Recently I received an e-mail from a reader asking for helping finding a guru. This reader brought up the idea of a "Mentor Exchange" program and it got me thinking. Why couldn't we do this here at Techrepublic? It makes perfect sense. And it is something that has been needed for a long, long time. Why? Let me tell you a little story about a newbie named Jack.
Back in '96 I was new to Linux - very new. I managed to get Red Hat installed but there was little I could do with it. I had issues with my modem staying connected and the desktop, fvwm98, was less than appealing to me. During my searching of mailing lists I came across someone who had sucessfully done what I was trying to do. I contacted him and he gladly helped me figure out the problem. From that point on he and I exchanged daily (almost hourly) e-mails on setting up various aspects of Linux. I can safely say that without Marc's help, I wouldn't be writing this blog today. In fact, I might very well still be suffering through Windows without his steady guidance.
Since then I have tried to pay back the karma by trying to help new users. But it takes its toll when you're only one person trying to help numerous new users. So for years I have thought some sort of Guru Exchange was neccesary.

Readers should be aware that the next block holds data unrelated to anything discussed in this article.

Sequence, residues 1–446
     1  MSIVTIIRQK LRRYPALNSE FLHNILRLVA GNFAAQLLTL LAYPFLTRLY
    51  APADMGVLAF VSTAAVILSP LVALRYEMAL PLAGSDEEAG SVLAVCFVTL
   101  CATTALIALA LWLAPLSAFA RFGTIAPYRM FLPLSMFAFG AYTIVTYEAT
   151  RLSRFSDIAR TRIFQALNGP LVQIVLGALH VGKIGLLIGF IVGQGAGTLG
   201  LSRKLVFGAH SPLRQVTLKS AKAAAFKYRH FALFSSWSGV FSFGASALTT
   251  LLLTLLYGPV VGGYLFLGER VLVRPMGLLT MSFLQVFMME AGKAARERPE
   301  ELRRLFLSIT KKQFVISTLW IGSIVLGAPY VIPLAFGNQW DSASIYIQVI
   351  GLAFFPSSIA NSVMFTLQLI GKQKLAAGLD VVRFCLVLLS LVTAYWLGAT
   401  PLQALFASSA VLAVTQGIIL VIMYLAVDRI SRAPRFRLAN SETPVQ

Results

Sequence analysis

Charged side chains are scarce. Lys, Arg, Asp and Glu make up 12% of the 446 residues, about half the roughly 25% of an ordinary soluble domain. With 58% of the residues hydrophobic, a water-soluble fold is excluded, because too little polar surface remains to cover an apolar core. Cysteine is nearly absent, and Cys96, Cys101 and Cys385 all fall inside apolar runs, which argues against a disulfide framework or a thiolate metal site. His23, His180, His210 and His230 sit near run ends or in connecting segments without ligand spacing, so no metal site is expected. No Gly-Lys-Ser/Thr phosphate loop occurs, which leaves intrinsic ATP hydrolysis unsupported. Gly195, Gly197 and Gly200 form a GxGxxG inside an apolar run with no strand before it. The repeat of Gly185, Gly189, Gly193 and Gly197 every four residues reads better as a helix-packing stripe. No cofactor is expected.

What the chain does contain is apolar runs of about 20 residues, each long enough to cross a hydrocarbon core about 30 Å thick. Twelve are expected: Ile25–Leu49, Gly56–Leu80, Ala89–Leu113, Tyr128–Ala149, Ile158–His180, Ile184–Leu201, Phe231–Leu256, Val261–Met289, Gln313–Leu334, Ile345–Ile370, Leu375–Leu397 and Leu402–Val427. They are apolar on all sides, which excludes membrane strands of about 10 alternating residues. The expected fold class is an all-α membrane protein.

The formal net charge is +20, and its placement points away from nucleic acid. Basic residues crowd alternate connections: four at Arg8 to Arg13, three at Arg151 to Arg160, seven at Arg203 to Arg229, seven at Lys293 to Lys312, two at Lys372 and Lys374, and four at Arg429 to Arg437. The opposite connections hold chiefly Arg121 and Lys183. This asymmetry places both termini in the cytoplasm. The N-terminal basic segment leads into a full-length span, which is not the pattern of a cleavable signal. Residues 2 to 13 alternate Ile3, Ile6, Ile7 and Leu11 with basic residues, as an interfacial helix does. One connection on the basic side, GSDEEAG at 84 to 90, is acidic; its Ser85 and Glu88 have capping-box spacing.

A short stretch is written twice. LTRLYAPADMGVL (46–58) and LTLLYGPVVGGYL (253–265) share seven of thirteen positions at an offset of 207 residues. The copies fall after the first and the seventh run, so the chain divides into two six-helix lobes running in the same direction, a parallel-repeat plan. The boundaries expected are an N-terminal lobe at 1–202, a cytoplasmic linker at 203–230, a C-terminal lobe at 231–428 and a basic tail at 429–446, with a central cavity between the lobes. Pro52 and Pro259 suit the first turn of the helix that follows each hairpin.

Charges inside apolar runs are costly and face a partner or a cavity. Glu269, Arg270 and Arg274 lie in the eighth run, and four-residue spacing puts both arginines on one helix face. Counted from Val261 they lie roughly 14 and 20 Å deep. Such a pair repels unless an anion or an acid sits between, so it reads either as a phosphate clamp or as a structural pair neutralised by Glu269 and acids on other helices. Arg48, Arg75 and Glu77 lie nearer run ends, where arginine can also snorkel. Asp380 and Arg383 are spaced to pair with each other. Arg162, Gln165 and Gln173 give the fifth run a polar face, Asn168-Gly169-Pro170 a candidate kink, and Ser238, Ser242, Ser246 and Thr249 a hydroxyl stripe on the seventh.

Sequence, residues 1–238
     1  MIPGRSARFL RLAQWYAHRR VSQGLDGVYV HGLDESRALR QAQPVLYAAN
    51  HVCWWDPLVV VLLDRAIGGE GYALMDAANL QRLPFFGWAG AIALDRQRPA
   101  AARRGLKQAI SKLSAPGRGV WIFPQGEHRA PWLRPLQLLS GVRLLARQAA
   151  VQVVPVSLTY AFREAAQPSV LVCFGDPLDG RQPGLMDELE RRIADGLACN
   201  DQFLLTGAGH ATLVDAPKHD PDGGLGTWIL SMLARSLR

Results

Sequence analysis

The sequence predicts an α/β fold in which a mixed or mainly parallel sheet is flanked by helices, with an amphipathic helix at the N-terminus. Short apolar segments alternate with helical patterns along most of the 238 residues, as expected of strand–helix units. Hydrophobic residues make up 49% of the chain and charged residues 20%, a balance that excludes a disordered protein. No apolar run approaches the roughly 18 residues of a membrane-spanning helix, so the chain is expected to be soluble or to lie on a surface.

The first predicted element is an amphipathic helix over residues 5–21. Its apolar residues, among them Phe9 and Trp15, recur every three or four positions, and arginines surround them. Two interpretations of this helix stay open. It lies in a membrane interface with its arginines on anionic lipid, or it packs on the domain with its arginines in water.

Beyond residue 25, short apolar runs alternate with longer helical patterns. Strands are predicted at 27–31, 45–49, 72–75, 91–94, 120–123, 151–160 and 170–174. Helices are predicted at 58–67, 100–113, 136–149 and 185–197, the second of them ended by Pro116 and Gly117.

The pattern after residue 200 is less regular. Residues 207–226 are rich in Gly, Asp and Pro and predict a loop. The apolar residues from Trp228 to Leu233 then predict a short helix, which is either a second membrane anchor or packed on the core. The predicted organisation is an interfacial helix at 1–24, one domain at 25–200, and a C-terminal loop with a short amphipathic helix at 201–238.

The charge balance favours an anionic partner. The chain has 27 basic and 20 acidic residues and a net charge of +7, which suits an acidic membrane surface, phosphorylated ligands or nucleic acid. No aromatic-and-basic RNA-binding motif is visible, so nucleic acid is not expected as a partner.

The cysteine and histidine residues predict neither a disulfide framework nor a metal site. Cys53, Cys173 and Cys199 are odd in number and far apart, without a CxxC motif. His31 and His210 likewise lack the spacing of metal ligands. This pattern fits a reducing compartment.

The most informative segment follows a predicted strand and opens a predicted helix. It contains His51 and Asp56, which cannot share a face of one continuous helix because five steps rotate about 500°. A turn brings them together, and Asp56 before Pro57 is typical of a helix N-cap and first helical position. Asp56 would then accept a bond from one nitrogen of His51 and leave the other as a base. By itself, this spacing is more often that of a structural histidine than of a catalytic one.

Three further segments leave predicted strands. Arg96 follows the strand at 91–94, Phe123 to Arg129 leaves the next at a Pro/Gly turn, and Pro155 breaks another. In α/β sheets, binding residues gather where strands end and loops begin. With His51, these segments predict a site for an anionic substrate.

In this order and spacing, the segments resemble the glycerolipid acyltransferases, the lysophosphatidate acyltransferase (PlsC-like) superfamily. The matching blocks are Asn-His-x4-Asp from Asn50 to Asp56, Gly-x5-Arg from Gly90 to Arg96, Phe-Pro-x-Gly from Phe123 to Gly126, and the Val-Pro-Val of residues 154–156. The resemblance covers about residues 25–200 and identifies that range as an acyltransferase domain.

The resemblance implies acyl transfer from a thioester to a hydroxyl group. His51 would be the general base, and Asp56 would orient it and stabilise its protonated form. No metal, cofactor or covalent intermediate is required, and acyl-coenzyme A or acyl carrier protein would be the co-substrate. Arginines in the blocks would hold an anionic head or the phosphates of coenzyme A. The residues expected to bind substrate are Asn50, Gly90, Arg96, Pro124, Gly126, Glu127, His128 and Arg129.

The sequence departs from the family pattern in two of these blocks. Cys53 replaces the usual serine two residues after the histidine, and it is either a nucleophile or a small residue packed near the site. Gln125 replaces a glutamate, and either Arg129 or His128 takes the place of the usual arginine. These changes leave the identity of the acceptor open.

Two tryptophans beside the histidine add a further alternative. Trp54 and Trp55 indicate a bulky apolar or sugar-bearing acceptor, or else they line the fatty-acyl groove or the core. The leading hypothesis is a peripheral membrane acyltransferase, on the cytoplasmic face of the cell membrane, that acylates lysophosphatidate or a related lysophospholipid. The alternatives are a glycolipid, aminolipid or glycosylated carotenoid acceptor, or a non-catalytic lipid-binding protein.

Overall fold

My thought on this is simple: Create an evironment where those who would consider themselves of guru-level, could post themselves as available for those in need. A guru would then be taken by a new user and marked as "busy." It's a simple exchange. But here's what has always been the catch - cost. The Linux guru idea has always been such that a guru helps a new user because, at one point, a guru helped them. It's karmic payback, paying it forward - whatever you want to call it.
And as you read this, I am hoping the powers at be here at Techrepublic are discussing this very idea. I sent the idea on up the food chain, and it caught on instantly.
Now, here's where you come in. In the spirit of open source, let's kick around some ideas that could make this not only happen, but help to bring Linux to the forefront of forefronts. Let us know what you think, if you think the idea is sound, if you have any ways to improve the fundamental idea...just discuss what a Guru Exchange program could be.
Jack Wallen is an award-winning writer for TechRepublic and Linux.com. He’s an avid promoter of open source and the voice of The Android Expert. For more news about Jack Wallen, visit his website getjackd.net.